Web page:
e. was opposed by Congress.
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8. Increasing defense expenditures, the peacetime draft, and lend-lease indicated that Americans
a. wanted to declare war on Germany.
b. were suspicious of the Soviet Union.
c. wanted to respond to Pearl Harbor.
d. desired to dominate Latin America.
e. feared the results of German victory.
9. The effect of the attack on Pearl Harbor was to
a. divide the country politically on foreign policy.
b. bring about war with Japan but not Germany.
c. shock Americans into an awareness of the Axis threat.
d. all of the above.
e. none of the above.
10. The wartime Allied coalition was
a. especially close and effective between the United States and Britain.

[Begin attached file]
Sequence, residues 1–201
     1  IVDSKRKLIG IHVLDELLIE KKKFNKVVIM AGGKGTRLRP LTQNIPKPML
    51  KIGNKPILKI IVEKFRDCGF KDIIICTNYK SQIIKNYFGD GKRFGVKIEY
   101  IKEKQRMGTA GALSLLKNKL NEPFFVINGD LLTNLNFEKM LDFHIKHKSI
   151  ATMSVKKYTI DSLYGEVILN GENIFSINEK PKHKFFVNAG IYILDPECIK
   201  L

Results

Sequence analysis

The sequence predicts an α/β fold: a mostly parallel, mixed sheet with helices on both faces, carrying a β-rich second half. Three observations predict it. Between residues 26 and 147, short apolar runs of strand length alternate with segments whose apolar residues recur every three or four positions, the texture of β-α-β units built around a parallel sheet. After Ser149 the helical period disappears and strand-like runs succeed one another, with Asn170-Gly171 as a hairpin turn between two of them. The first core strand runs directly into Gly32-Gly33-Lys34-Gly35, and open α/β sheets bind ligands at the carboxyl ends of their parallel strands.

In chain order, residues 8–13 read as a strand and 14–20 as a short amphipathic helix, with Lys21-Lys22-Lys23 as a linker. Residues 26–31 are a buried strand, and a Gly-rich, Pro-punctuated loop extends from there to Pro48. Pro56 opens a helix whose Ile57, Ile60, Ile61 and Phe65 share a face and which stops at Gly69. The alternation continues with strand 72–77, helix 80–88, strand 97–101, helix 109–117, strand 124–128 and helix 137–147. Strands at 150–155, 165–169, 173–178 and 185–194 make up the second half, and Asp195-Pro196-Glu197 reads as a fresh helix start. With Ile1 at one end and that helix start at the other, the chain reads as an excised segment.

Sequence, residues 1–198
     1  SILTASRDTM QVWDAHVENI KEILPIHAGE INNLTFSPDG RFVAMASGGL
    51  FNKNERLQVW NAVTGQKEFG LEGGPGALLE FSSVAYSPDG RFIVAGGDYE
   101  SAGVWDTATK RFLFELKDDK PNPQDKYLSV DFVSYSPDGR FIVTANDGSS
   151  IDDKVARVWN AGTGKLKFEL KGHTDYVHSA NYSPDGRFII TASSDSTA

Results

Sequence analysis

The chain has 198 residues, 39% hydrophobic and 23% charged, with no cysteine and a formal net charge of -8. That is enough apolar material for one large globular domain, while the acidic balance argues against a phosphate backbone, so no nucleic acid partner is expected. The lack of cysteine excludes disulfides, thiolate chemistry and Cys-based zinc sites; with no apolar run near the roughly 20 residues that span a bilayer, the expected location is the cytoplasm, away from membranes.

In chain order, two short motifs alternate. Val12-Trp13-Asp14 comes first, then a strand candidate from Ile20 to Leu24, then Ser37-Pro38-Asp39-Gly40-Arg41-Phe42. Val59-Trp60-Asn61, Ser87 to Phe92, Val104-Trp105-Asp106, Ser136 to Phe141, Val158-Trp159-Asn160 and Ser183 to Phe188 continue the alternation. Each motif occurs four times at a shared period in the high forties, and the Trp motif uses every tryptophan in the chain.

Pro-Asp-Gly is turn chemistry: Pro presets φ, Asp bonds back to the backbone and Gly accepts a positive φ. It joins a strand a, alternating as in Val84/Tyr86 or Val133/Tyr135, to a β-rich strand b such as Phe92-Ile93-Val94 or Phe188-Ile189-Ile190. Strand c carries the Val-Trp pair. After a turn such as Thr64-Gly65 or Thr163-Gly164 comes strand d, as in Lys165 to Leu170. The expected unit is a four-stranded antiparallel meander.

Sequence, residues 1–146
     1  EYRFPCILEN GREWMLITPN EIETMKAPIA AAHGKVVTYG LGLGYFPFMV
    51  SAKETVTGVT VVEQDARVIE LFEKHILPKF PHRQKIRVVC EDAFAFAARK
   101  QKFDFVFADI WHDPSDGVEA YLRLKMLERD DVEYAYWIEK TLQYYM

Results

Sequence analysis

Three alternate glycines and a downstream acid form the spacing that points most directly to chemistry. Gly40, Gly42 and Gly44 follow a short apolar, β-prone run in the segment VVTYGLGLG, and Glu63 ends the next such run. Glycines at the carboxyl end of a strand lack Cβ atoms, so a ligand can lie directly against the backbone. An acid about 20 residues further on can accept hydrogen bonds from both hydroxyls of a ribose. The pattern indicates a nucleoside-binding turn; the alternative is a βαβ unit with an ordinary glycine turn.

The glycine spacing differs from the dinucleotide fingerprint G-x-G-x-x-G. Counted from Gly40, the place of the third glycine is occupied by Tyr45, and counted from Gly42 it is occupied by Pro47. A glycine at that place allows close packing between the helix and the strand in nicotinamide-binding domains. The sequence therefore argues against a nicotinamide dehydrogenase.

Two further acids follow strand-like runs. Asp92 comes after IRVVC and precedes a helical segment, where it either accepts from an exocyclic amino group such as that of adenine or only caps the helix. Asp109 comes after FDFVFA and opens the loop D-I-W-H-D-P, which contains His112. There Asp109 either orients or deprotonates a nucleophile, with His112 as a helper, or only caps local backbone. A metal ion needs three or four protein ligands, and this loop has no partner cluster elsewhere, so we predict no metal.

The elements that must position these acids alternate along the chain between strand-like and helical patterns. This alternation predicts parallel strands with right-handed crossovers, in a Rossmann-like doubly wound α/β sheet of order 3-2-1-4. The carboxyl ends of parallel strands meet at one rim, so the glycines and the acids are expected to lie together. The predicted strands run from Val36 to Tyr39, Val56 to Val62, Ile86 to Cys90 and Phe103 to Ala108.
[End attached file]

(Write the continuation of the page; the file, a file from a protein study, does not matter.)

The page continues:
b. based on American and Free French cooperation.
c. no more effective than the Berlin-Rome-Tokyo Axis.
d. difficult because the United States had not recognized the Soviet Union.
e. ineffective in maintaining common military efforts.
11. At the meeting of the Western Allies at Casablanca it was decided that
a. the war in Europe was successful enough to avoid a beachhead assault.
b. use of the atomic bomb would be restricted to Asia.
c. Russia would create a “second front” with Germany.
d. they would fight the Axis powers until they achieved an unconditional surrender.
e. there was a need for numerous beachhead assaults along the west and south of Europe.
12. Americans who stayed at home during World War II
a. had to make major adjustments in their lives.
b. found that society changed little.
c. seldom moved.
d. could at least enjoy the abundance of consumer goods.
e. were seldom employed in the war effort on the homefront.
13. Which of the following was not a U.S. problem of the war years?
a. a housing shortage
b. racial problems in integrated combat units
c. racial discrimination in industry